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Victim Grooming: Protect Your Child from Sexual Predators

Frequently we hear of horror stories in the news about children and adolescents being sexually abused or assaulted. Such stories cause fear and paranoia in parents when it comes to ensuring the safety of their children from sexual predators. Becoming knowledgeable of the “Grooming Process” and recognizing the danger signs of “grooming” are the first steps in arming yourself with the information needed to calm your fears and protect your child from sexual predators.

What is "Grooming"?

  • A process of identifying and engaging a child in sexual activity.
  • It involves an imbalance of power and elements of coercion and manipulation.
  • It involves motivation and intent to sexually exploit the child.

Who is targeted?

Predators typically target children with obvious vulnerabilities:

  • Unpopular
  • Feels unloved
  • Seeking attention and friendship
  • Low self-esteem and lack of confidence
  • Isolated from peers
  • Spends time alone
  • Often unsupervised
  • Experiencing family problems

How are victims approached by predators?

  • Typically presents self positively to child.
  • Exhibits interest in the child.
  • Is complimentary.
  • Learns child’s habits, likes, dislikes.
  • Pretends to share common interest, backgrounds, experiences, etc.

What is the purpose of grooming?

  • The perpetrators goal is to make a victim by increasing access to the victim and decreasing the likelihood of their intent being discovered by others, including the victim.
  • The perpetrators goal is also to make the potential victim feel comfortable enough to be close with the offender, to be alone with the offender, and to keep the sexual behavior a secret.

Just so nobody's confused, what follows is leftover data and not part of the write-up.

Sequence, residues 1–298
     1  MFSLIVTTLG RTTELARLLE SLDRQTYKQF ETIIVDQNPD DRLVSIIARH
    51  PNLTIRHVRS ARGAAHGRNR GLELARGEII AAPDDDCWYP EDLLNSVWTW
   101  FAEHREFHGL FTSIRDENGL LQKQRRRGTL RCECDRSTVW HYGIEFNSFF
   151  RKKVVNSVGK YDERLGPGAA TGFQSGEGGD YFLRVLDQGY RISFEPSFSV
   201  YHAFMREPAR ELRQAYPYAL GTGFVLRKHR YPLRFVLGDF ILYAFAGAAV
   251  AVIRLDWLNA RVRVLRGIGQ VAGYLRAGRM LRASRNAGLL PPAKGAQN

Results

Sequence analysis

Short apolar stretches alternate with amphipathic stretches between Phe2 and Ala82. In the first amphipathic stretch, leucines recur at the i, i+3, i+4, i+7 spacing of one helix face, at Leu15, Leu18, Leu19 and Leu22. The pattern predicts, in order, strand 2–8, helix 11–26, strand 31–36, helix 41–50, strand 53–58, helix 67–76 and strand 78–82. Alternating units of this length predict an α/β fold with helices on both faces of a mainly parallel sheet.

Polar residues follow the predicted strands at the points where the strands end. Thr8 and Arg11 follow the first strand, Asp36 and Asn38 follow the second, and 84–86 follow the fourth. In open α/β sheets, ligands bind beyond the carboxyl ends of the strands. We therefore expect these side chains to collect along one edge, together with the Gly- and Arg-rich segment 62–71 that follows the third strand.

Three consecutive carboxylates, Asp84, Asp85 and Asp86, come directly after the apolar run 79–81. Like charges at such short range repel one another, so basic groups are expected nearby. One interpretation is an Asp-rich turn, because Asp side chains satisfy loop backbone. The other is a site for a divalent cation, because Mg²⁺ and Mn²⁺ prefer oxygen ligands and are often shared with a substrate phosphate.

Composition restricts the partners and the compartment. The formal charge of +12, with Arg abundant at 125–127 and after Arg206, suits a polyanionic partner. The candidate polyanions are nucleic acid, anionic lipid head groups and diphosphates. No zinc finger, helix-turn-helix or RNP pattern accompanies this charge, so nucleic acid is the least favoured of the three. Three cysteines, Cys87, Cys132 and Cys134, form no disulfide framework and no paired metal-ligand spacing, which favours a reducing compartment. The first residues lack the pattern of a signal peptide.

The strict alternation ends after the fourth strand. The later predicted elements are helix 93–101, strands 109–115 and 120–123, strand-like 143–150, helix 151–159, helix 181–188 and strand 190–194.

Grooming is a process that typically consists of the following steps:

When suspicious of possible grooming, the key is to look for patterns of behavior in both the suspected perpetrator and the suspected targeted victim that would suggest grooming is occurring. Also, look for power differences present in the suspected relationship. For example, is there an imbalance of power? Does the suspected victim appear to have been targeted by the individual in question? Is the child being manipulated by the suspected perpetrator? Additionally, ask yourself if the suspected perpetrator has gone out of their way to gain your trust as the parent/guardian/caregiver, or has behaved in exemplary ways to reassure you of their “good intentions”. These are crucial questions to ask to identify warning signs of sexual perpetration.

If you suspect your child is being groomed, immediately limit your child’s interactions with the individual in question. In a safe and supportive environment engage your child in a conversation, using age appropriate language, regarding their relationship and interactions with the individual. If you discover that your child has been sexually victimized contact legal authorities immediately for further action.

Final Comments:

As a preventative measure, it is recommended to always pay attention to your child and the people in your child’s life. Do not yield the responsibility of your child to others without question of their character and intent. Parents should know their child’s teachers, coaches, day care providers, youth group leaders, their friends’ parents/caregivers, and other significant adults involved in their lives. Ask questions, and more questions, and more questions if needed. Stay involved and aware and make it a habit to make unannounced visits. These are the best parenting tips to protect your child from sexual predators.

It is also critical that you talk to your child, using age appropriate language, about appropriate and inappropriate touch and interactions with others (relative and non-relatives; adults and other children/adolescents). Also teach your child to recognize grooming behavior. Most importantly teach them to trust you with their problems and assure them through your actions and not just your words that he can always bring his problems and concerns to you at anytime without penalty or criticism.

The above recommendations can be challenging to implement and at times may feel awkward, but it is better to be safe now than sorry later.

Helpline Support

Nebraska Family Helpline: The Helpline is a free resource for parents who have concerns and questions about their child's behavior. Call 888-866-8660. Bilingual counselors are available.

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